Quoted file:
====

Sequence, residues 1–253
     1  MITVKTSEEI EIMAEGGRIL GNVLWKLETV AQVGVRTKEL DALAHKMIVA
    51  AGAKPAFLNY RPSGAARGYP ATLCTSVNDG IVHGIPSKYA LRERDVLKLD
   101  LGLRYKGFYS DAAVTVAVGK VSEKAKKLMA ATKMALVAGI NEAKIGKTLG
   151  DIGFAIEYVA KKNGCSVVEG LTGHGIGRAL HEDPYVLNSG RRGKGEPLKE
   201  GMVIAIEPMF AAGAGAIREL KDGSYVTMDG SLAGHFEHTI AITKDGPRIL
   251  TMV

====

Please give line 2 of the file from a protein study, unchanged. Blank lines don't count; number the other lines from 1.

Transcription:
     1  MITVKTSEEI EIMAEGGRIL GNVLWKLETV AQVGVRTKEL DALAHKMIVA